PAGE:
How Does Hearing Loss Affect Behavior?

elderly man showing hearing loss behavior in conversation by cupping a hand behind his ear
Cheri Moore

Written by Cheri Moore

February 3, 2022

Have you ever thought about how you instinctively know where to look when you hear a sound? Or, why some people struggle to see what is right in front of them?

As I worked with young and older people, I began to realize there are numerous, similar effects of hearing loss upon behaviors for all ages. For example, hearing loss can affect your ability to look in the right direction in response to a sound. If a child fails to look, many call it an attention deficit. If an adult fails to look, we assume they are ignoring us. Meanwhile, if an older adult fails to look, most of us think they simply failed to hear.

It’s Physiological

black and white image of an ear diagram

An Interesting Fact

The instant sound starts to make your eardrum move, your eyes move in the direction of that sound. This occurs even before you are aware of the sound. Equally fascinating, in 2018, researchers (1) found that the eardrum moves 10 ms before detectable eye movement.

Poor Ear, Nose, and Throat Health Affect Behaviors

A conductive hearing loss occurs when sound energy is unable to strongly travel through the middle ear to the cochlea. Temporary, mild hearing loss occurs when fluid fills the middle ear; when inflamed eustachian tubes disrupt the amount of air pressure in your middle ear; and when there is a growth in the middle ear or an injury to the middle ear bones. All these create a hearing loss that negatively affects listening behaviors and ability to tolerate background, competing sounds.

So what happens when poor ear, nose, or throat health contributes to temporary hearing loss?

Another Interesting Fact: In 2015, researchers (2) shared that conductive hearing loss makes it more difficult to accurately locate, see, the source of a sound. Basically, you fail to look in the correct direction.

What You Hear Affects What You See – Your Behaviors

Do you know which similar hearing loss behaviors are seen in all ages: preschoolers, children, teens, young and older adults?

Hearing Loss Behaviors

What You Hear Affects What You See even when mild hearing loss under-stimulates the brain.

The brain is where we process what is heard and seen. Then, there is an instinctive response that shapes one’s behavior.

What You Hear Affects What You See and When You See It

Hearing loss affects a person’s behaviors on a physiological level. Your instinctual responses keep you safe. Do you need more time to think about what you hear and see?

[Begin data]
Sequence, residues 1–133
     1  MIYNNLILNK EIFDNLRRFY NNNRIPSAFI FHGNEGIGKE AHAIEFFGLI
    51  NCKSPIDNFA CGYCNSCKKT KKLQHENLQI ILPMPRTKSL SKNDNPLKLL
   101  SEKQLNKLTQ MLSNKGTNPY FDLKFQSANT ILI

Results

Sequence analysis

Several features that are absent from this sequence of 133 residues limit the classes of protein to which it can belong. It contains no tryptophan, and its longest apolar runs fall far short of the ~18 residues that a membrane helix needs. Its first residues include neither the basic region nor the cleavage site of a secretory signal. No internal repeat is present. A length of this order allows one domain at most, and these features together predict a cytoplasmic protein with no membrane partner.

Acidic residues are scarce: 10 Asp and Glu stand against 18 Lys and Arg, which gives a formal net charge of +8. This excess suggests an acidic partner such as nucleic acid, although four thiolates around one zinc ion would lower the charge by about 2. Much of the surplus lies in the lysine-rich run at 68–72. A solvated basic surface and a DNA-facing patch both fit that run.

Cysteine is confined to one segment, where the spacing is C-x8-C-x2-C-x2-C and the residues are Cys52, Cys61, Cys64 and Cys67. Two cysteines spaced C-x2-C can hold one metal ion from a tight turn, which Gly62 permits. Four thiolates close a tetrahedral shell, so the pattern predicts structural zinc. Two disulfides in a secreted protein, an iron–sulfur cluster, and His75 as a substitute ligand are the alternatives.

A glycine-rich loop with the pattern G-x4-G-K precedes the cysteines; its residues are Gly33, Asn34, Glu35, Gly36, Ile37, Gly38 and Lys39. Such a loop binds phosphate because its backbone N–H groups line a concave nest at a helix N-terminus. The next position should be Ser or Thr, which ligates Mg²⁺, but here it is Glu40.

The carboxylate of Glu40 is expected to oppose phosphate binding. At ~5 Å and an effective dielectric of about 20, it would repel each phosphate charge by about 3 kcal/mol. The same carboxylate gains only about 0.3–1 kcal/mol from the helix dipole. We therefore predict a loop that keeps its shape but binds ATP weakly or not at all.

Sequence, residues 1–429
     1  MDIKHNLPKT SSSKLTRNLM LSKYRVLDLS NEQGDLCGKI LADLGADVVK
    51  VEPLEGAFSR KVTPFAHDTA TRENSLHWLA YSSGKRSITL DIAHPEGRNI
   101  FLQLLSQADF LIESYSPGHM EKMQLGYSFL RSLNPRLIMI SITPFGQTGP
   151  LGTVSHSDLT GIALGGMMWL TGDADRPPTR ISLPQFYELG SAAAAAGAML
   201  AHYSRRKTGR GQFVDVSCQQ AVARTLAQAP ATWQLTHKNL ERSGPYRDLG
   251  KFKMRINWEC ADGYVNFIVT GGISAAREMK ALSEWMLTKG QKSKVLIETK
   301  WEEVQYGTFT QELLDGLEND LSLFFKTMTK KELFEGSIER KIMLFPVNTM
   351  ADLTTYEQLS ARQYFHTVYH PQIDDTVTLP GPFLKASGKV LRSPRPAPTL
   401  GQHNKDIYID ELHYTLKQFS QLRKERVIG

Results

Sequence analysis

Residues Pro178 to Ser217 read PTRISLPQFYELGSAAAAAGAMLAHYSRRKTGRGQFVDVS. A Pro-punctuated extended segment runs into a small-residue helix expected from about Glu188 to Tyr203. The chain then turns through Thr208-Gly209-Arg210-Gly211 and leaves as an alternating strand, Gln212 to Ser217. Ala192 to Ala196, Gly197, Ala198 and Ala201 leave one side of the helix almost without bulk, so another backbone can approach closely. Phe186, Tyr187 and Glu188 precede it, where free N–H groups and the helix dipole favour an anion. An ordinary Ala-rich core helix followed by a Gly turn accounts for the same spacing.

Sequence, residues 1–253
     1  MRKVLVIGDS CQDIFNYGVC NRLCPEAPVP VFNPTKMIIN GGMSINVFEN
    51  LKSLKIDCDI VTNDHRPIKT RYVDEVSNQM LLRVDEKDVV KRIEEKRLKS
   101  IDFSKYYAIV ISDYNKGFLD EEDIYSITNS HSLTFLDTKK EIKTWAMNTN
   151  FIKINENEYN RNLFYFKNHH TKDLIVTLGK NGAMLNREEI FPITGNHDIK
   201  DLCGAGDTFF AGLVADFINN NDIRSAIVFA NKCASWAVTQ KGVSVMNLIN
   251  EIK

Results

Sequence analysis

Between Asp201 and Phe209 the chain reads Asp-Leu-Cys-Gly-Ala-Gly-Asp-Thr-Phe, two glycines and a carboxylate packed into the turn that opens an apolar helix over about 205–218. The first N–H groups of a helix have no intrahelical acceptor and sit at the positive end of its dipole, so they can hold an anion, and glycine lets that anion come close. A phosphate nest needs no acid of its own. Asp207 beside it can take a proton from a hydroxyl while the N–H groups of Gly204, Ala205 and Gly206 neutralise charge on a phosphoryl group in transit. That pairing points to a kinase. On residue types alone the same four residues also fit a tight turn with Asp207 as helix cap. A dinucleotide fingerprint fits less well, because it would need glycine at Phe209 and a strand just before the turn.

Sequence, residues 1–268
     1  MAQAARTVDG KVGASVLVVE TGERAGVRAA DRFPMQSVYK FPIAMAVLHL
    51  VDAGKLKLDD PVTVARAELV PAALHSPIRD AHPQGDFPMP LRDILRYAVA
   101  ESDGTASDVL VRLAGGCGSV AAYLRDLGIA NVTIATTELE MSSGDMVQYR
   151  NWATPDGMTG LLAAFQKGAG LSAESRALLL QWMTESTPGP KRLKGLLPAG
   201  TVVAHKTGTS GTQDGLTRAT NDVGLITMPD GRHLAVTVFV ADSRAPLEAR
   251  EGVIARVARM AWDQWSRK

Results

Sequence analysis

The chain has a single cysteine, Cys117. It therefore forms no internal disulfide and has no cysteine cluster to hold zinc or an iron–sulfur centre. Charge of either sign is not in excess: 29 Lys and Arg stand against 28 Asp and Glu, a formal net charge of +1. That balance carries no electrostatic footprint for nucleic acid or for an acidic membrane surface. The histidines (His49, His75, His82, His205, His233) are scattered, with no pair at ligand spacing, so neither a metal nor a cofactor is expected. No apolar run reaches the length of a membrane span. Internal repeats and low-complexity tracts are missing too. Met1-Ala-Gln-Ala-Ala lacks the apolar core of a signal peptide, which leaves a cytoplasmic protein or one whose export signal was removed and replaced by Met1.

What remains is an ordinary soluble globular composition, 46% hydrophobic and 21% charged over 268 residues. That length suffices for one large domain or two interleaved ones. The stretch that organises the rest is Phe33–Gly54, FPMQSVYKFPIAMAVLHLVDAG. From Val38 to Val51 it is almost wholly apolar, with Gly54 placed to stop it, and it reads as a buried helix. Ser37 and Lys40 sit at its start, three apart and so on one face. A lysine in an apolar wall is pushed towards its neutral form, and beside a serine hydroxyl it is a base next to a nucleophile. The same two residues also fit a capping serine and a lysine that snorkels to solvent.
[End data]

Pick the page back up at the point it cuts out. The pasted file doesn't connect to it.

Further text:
A group of people standing at the far end of a city crosswalk waiting to cross the street.

For example, you hear an engine roar or tires screech. Even though the sign says go, what you hear and see tells you whether to wait or go. While you are at a crosswalk, you must know if it is safe to step out onto the crosswalk.

Hearing loss has a physiological effect on behaviors. For example, individuals with hearing loss find it easier to listen through headphones or earbuds. However, headphone or earbud usage by children and teens damages the hearing system. Because individuals with hearing loss tend to use unsafe listening volumes and use them too often.

Understanding the intensity of behavioral characteristics of hearing loss is essential to knowing if you need additional hearing tests.

Learn Moore

Learn more about your loved ones or client’s behaviors by completing a Moore Auditory-Visual Questionnaire (MAvQ). Prequestionnaire observation activities teach you what to observe and how to observe. Interactive questions guide discussions with your loved one or client providing insights that will challenge their assumptions about your hearing.

Your Moore Auditory-Visual Questionnaire Report helps you learn about the intensity and frequency of behaviors associated with diminished hearing and hearing loss, sound sensitivities, auditory processing difficulties, and visual processing difficulties.

Citations

Gruters, Kurtis; Murphy, David; Jenson, Cole; Smith, David; Shera, Christopher; Groh, Jennifer (Jan 23, 2018). The eardrums move when the eyes move: A mustisensory effect on the mechanics of hearing. Proc National Academic Science U S A. 115 (6). Doi: 10.1073/pnas.1717948115. Retrieved from https://pubmed.ncbi.nlm.nih.gov/29363603/

Volck, Alexander C.; Laske, Roman; Litschel, Ralph; Probst, Rudolf; Tasman, Abel-Jan (2015). Sound localization measured by eye-tracking. Int J Audio. 54 (12), pgs. 976-983. Doi: 10.3109/14992027.2015.1088968. Epub 2015 Nov 18. Retrieved from https://pubmed.ncbi.nlm.nih.gov/26576626/

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